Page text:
In subtropical regions of the ocean north and south of the equator, the ocean gets into an equilibrium with whatever concentration of carbon dioxide is in the atmosphere at that time -- and every year, that atmospheric concentration has increased due to human emissions of CO2.
Then, the water is pushed deep into the ocean, where it collects more carbon dioxide due to natural biological processes. It eventually upwells back in the tropical Pacific.
"That water is carrying anthropogenic CO2 plus this natural CO2. So when it upwells along the equator, you are seeing both of those processes drive to produce CO2," Sutton said.
In parts of the U.S. coast, ocean acidification has led to negative impacts on the shellfish industry, since it affects the ability of those organisms to build their shells.
In the tropical Pacific, coral reefs have the potential to be affected by increasing concentrations of carbon dioxide and a more acidified ocean, since more acidic oceans have been shown to reduce the ability of reef-building corals to create their skeletons.
Scott Doney, a senior scientist and director of the Woods Hole Oceanographic Institution's Ocean and Climate Change Institute, who was not affiliated with the study, pointed out that "the research demonstrates the importance of continuous ocean observations (e.g., moorings, robots)."
"Only through careful analysis of long-term data sets can we separate the effects of natural climate variability from anthropogenic trends such as climate change and ocean acidification," Doney wrote in an email.
Watching acidification more closely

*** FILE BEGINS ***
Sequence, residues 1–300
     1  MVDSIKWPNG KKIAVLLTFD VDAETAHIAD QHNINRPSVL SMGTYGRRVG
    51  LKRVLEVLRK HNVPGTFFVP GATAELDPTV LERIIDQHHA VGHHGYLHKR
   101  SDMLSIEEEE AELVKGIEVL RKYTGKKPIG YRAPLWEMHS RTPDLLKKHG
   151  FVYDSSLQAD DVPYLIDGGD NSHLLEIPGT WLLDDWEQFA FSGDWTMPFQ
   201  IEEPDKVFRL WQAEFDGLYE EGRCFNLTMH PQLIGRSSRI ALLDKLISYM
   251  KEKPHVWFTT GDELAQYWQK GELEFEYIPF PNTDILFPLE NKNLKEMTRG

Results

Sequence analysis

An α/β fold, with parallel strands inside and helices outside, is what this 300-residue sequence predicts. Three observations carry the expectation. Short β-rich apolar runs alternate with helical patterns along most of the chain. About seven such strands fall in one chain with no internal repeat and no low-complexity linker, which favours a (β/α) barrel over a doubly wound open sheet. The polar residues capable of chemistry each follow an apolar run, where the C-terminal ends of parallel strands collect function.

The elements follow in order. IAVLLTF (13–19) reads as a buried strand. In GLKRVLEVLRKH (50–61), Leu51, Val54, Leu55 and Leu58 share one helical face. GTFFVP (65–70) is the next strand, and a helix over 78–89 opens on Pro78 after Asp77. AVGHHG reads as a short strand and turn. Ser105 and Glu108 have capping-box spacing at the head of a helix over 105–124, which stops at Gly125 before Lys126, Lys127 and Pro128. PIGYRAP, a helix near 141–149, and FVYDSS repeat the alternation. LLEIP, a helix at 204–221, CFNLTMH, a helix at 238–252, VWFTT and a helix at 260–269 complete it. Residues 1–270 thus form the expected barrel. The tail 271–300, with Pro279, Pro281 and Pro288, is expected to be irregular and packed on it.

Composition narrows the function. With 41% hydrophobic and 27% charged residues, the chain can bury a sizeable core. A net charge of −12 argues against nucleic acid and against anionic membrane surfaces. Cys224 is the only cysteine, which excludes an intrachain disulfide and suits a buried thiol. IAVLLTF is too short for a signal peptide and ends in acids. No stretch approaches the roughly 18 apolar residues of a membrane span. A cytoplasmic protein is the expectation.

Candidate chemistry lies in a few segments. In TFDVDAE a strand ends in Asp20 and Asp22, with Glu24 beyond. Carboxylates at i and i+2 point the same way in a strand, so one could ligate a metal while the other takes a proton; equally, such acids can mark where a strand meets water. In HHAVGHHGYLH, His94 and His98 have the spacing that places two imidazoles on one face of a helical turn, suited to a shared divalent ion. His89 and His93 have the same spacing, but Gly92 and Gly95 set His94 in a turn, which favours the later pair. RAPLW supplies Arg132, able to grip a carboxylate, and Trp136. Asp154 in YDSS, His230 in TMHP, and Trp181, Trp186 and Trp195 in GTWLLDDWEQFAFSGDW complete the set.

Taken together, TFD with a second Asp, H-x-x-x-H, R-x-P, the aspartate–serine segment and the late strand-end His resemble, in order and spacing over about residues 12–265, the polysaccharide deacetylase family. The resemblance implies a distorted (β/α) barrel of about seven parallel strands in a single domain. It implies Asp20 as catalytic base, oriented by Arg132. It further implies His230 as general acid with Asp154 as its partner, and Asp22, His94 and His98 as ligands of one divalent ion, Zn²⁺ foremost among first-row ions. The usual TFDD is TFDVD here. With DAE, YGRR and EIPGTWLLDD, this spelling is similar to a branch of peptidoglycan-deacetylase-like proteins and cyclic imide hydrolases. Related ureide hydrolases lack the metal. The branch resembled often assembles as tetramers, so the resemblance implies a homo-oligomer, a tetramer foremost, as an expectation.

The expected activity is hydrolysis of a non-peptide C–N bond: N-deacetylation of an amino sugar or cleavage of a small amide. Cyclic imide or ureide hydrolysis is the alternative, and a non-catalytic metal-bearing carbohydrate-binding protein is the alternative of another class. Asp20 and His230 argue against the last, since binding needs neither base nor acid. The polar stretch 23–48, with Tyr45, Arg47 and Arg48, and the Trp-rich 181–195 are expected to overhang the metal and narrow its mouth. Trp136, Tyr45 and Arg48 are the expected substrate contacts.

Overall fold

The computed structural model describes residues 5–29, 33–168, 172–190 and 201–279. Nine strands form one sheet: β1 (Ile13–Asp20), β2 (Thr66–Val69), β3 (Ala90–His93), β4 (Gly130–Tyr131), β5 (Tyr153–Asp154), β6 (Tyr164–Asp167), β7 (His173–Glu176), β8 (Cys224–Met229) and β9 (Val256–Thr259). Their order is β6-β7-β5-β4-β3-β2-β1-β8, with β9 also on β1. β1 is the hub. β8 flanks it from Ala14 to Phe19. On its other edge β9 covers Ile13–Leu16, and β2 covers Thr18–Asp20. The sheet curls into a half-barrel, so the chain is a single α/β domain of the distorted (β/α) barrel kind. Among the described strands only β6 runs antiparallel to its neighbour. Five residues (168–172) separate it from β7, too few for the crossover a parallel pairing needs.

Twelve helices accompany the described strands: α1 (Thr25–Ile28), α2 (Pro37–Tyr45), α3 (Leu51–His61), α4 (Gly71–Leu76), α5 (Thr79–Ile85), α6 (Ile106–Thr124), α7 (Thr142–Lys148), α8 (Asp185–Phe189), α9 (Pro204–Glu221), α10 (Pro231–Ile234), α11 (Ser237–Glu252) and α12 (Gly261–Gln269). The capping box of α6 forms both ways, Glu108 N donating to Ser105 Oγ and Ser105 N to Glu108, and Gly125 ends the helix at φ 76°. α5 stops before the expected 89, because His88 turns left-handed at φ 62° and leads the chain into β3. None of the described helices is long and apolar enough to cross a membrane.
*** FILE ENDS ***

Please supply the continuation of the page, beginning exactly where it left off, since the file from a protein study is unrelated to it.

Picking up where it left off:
As a follow-up to this research, Sutton and her colleagues plan to look at an even longer period of time using observations made not just from buoys but from measurements taken from ocean cruises as well.
The scientists hope to be able to determine more specifically what portion of the carbon dioxide concentration increase is due to human causes, and what portion is due to natural oscillations.
Yesterday, NOAA, the agency behind Sutton's research, also announced a new strategic plan guiding its monitoring and research on ocean acidification.
The plan goals include improving observation systems that monitor ocean acidification, such as the buoy systems used by Sutton and others.
Other goals include conducting laboratory and on-site research on acidification; developing comprehensive models to predict changes to the ocean's carbon cycle; assessing the cultural, subsistence and economic impacts of ocean acidification; and developing a data management plan for what is collected on the topic.
"Scientific study of ocean acidification is young enough that researchers are making surprising major discoveries every year," said Libby Jewett, director of NOAA's Ocean Acidification Program, said in a statement about the strategic plan.
"Federal investment in basic research, long-term monitoring, and multi-disciplinary, applied research, will allow U.S. scientists to develop the knowledge needed to inform policy and help prepare society for rapid shifts in ocean chemistry."